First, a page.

Rutgers prof who said ‘f---' white people cleared of wrongdoing: report

Rutgers University on Wednesday reversed its previous finding that a professor violated the school’s discrimination and harassment policy after he said he "hates white people" in a social media post.

History professor James Livingston made national headlines in May after he complained about a restaurant in Harlem being “overrun with little Caucasian a—holes who know their parents will approve of anything they do.”

“I hereby resign from my race. F--- these people. Yeah, I know, it’s about access to my dinner. F--- you, too,” Livingston wrote on his personal Facebook account.

Livingston, a tenured professor, has taught at the university since 1988, according to NorthJersey.com.

The controversial comments prompted an investigation by the Office of Employment Equity (OEE), which found in July that Livingston violated school policy. He faced disciplinary action and potential discharge, according to a press release from Foundation for Individual Rights in Education (FIRE) -- a First Amendment advocacy group representing Livingston.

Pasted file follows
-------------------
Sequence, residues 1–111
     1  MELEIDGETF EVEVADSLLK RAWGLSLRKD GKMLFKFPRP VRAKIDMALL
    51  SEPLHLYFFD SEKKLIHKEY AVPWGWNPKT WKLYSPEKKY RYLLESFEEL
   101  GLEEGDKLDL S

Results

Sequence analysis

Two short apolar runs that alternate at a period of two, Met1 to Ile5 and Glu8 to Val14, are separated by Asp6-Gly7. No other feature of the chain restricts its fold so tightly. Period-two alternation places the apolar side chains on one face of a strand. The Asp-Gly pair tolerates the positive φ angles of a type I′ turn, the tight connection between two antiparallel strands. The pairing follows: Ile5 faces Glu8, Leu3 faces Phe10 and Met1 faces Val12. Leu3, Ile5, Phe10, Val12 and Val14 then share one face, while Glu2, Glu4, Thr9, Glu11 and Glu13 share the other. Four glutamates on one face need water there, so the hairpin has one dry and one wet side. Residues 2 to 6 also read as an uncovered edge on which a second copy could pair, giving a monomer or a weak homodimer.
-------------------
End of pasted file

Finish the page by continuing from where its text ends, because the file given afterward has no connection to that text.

Livingston argued that his remarks were "satirical," and he was commenting on the gentrification of the Harlem neighborhood, where he lives, NorthJersey.com reported

FIRE appealed the decision on Livingston's behalf, claiming he has the right to his opinion as a private citizen. The appeal was denied, according to the press release.

The organization then sent University President Robert L. Barchi a letter arguing the ruling “poses a serious threat to the academic freedom of Rutgers faculty and impermissibly hinders their ability to fulfill their essential role in our democracy.”

Barchi ordered the OEE to reevaluate its decision, noting that while the language is offensive, “few values are as important to the University as the protection of our First Amendment rights—even when the speech we are protecting is insensitive and reckless,” according to a press release from FIRE.

Rutgers informed Livingston on Wednesday of the reversal, which concluded that the professor did not violate school policy.

“I’m relieved that my right to free speech and my academic freedom have been validated by this retraction, thanks to FIRE, the AAUP, and colleagues, who made this strange episode an issue to be debated and decided in public,” Livingston said in a statement. “But if I may use the occasion to preach . . . As a tenured professor, I have resources and protections that are unavailable to most employees. That is not just unfortunate, it is simply wrong, and needs redressing.”

In a statement to NorthJersey.com, FIRE’s director of litigation Marieke Tuthill Beck-Coon said, “Rutgers did the right thing and reversed the charge of racial discrimination,” adding that “any other result would have undermined the free speech and academic freedom rights of all Rutgers faculty members.”